Neural Plasticity and RegenerationEdited by
- F.J. Seil, Office of Regeneration Research Programs, VA Medical Center and Departments of Neurology and Cell and Developmental Biology, Oregon Health Sciences University, Portland, OR 97201, USA
While a cure for spinal cord injury remains elusive, the contents of this volume convey a sense of progress towards this goal. More has been learned about the primary and secondary consequences of spinal cord injury and more is being understood about recovery mechanisms that are intrinsic to the nervous system and that might be further encouraged. Expanding the control capacity of uninjured portions of the nervous system may be one approach to improving the functional capabilities of those afflicted with this disorder. New therapies in the form of transplantable cells that can encourage growth or myelination or prevent secondary damage or that can substitute for injured cells appear promising for future applications. Genetic and tissue engineering studies give us further hope, and under continuous development are novel drugs with greater specificity and fewer detrimental effects and improved delivery methods for such drugs.
The volume is organized into six topic sections, including I) Strategies for Spinal Cord Injury Repair, II) Plasticity of the Injured Spinal Cord: Retraining Neural Circuits to Promote Motor Recovery, III) Impact of Neuroprosthetic Applications on Functional Recovery, IV) Neurotrophins and Activity-Dependent Plasticity, V) Candidate Cells for Transplantation into the Injured CNS and VI) New Directions in Regeneration Research. Both clinical and experimental animal studies are presented in the first three sections, while predominantly basic research is the focus of the second half of the book.
Progress in Brain Research
Hardbound, 392 Pages
Published: October 2000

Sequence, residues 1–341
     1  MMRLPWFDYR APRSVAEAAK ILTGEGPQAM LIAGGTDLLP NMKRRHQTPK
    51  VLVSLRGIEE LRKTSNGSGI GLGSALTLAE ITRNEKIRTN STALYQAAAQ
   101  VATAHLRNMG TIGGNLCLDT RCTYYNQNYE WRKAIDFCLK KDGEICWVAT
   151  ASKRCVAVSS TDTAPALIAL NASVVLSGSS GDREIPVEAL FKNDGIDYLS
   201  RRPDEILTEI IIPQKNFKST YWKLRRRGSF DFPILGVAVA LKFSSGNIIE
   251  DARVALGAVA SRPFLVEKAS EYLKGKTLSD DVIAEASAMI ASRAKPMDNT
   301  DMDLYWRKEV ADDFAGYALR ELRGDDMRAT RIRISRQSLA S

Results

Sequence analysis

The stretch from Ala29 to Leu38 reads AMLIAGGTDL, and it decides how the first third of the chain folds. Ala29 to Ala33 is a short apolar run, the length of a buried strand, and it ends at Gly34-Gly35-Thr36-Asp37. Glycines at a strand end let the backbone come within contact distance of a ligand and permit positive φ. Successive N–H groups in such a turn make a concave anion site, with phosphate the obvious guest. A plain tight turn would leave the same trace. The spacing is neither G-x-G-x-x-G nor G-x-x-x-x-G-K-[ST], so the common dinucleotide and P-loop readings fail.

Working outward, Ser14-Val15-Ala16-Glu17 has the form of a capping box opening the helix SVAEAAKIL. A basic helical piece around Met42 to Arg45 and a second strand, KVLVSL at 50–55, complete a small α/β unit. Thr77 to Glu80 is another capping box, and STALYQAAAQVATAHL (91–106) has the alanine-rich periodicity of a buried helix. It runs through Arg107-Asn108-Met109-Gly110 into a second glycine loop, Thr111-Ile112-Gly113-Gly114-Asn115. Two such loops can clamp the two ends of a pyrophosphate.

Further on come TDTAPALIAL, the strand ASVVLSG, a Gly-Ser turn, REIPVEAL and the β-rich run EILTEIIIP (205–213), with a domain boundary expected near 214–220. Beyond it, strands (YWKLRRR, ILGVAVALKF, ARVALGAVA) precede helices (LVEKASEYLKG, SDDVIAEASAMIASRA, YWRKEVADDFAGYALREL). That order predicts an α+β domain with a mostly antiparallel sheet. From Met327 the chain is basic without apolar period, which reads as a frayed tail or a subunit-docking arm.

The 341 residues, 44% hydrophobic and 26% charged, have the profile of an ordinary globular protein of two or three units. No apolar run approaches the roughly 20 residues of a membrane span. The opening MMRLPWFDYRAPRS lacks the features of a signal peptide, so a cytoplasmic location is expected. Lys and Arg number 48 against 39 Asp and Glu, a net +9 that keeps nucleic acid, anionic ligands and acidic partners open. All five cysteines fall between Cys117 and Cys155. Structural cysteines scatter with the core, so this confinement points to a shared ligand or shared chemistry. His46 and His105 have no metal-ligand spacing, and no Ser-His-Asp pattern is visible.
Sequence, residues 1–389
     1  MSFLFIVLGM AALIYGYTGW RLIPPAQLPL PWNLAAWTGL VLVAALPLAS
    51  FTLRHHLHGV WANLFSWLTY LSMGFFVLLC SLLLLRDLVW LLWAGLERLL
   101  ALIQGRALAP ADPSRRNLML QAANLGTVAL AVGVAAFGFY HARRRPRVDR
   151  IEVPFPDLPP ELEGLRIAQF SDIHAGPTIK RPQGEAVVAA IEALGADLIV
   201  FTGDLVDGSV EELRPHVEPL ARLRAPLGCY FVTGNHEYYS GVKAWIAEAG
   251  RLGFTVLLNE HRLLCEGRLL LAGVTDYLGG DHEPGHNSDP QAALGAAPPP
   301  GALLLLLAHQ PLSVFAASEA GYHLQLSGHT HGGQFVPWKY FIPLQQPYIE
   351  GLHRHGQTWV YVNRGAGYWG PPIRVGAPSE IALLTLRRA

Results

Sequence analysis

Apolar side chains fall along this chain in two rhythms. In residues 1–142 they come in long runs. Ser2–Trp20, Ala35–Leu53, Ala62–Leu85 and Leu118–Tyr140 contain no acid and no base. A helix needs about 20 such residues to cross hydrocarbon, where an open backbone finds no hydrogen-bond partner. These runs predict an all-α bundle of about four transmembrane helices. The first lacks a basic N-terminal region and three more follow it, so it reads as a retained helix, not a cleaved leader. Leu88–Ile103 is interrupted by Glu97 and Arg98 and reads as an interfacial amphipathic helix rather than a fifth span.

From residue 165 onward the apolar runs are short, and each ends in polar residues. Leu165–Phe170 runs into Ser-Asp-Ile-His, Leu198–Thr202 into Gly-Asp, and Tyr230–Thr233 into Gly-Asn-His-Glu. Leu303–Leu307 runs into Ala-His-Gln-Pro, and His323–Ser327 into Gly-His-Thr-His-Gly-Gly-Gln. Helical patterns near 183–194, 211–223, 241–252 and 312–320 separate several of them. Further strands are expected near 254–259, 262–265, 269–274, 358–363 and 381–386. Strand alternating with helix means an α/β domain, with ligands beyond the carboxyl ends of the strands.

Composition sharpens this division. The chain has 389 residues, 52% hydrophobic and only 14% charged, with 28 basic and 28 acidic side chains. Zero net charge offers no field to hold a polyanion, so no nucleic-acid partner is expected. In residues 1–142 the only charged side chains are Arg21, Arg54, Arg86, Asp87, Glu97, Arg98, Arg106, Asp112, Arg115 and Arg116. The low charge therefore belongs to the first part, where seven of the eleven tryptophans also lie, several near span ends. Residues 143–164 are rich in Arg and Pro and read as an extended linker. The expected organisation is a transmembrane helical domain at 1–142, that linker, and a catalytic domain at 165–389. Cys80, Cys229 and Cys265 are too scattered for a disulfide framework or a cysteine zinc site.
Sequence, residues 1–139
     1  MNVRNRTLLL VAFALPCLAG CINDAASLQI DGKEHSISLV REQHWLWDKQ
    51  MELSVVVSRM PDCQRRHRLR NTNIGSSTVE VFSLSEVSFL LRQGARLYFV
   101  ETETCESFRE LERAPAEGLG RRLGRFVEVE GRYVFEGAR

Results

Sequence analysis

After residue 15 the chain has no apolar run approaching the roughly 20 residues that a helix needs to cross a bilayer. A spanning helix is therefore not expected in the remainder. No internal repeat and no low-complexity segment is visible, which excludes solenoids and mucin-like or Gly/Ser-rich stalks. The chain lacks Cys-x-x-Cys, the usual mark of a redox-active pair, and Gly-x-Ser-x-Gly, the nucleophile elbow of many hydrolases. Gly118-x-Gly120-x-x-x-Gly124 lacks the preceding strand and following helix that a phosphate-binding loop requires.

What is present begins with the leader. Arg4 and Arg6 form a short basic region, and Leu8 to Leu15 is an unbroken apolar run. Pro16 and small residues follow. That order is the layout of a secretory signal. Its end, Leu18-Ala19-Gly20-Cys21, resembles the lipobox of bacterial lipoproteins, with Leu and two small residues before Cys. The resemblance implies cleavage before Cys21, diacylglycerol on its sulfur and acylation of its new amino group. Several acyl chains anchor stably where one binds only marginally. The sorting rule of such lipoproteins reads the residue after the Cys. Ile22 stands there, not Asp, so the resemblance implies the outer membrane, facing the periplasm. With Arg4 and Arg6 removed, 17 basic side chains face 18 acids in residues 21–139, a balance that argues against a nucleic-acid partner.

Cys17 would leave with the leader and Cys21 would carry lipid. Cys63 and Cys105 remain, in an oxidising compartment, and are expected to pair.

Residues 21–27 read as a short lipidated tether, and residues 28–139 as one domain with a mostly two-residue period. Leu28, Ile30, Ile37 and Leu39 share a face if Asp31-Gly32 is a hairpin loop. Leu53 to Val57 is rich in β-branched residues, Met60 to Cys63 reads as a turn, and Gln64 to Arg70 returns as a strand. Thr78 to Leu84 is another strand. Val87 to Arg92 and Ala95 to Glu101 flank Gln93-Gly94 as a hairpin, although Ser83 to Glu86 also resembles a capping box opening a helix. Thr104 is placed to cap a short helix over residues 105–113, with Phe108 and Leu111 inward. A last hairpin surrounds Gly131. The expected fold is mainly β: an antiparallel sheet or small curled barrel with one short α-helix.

- List of Contributors. Preface. Section I. Strategies for spinal cord injury repair. 1. Strategies for spinal cord injury repair (D.M. McTigue, P.G. Popovich, L.B. Jakeman and B.T. Stokes). 2. Cell death and plasticity after experimental spinal cord injury (M.S. Beattie, Q. Li and J.C. Bresnahan). 3) The multi-domain structure of extracellular matrix molecules: implications for nervous system regeneration (S. Meiners, M.L.T. Mercado and H.M. Geller). 4. Spinal cord injury-induced inflammation: a dual-edged sword (J.R. Bethea). 5. Immunological regulation of neuronal degeneration and regeneration in the injured spinal cord (P.G. Popovich). Section II: Plasticity of the injured spinal cord: retraining neural circuits to promote motor recovery. 6. Plasticity of neuronal networks in the spinal cord: modifications in response to altered sensory input (K.G. Pearson). 7. Neural plasticity as revealed by the natural progression of movement expression - both voluntary and involuntary - in humans after spinal cord injury (B. Calancie, M. Del Rosario Molano and J.G. Broton. 8. Laufband (LB) therapy in spinal cord lesioned persons (A. Wernig, A. Nanassy and S. Müller). 9. Spinal and supraspinal plasticity after incomplete spinal cord injury: correlations between functional magnetic resonance imaging and engaged locomotor networks (B.H. Dobkin). Section III. Impact of neuroprosthetic applications on functional recovery. 10. Impact of neuroprosthetic applications on functional recovery (J.K. Chapin). 11. Nerve cuffs for nerve repair and regeneration (J.A. Hoffer and K. Kallesøe). 12. Cortical motor areas and their properties: implications for neuroprosthetics (P.D. Cheney, A. Belhaj-Saïf, B.J. McKiernan, M.C. Park and J. Hill-Karrer). 13. Network level properties of short-term plasticity in the somatosensory system (D.J. Krupa and M.A.L. Nicolelis). 14. The reorganization of somatosensory and motor cortex after peripheral nerve or spinal cord injury in primates (J.H. Kaas). Section IV: Neurotrophins and activity-dependent plasticity.15. Neurotrophins and activity-dependent plasticity (H. Thoenen). 16. Differences in the regulation of neuropeptide Y, somatostatin and parvalbumin levels in hippocampal interneurons by neuronal activity and BDNF (S. Marty). 17. Long-term regulation of excitatory and inhibitory synaptic transmission in hippocampal cultures by brain-derived neurotrophic factor (M.McL. Bolton, D.C. Lo and N.T. Sherwood). 18. Neurotrophins and activity-dependent inhibitory synaptogenesis (F.J. Seil and R. Drake-Baumann). 19. Modulation of hippocampal synaptic transmission and plasticity by neurotrophins (B. Lu and W. Gottschalk). 20. Neurotrophin-evoked rapid excitation of central neurons (K.W. Kafitz, C.R. Rose and A. Konnerth). Section V. Candidate cells for transplantation into the injured CNS. 21. Candidate cells for transplantation into the injured CNS (I. Fischer). 22. Autoimmune involvement in CNS trauma is beneficial if well controlled (M. Schwartz). 23. Olfactory ensheathing glia transplantation into the injured spinal cord (A. Ramón-Cueto). 24. Precursor cells for transplantation (M.S. Rao and M. Mayer-Proschel). 25. Potential use of marrow stromal cells as therapeutic vectors for diseases of the central nervous system (D.J. Prockop, S.A. Azizi, D.G. Phinney, G.C. Kopen and E.J. Schwarz). 26. Neurobiology of human neurons (NT2N) grafted into mouse spinal cord: implications for improving therapy of spinal cord injury (V.M.-Y. Lee, R.S. Hartley and J.Q. Trojanowski). 27. Grafting of genetically modified fibroblasts into the injured spinal cord (Y. Liu, M. Murray, A. Tessler and I. Fischer). Section VI: New directions in regeneration research. 28. Delivery of therapeutic molecules into the CNS (M.E. Emborg and J.H. Kordower). 29. Neurotrophin small-molecule mimetics (Y. Xie and F.M. Longo). 30. Tissue engineering strategies for nervous system repair (P.A. Tresco). 31. In vivo neuroprotection of injured CNS neurons by a single injection of DNA plasmid encoding the Bcl-2 gene (R.A. Saavedra, M. Murray, S. De Lacalle and A. Tessler).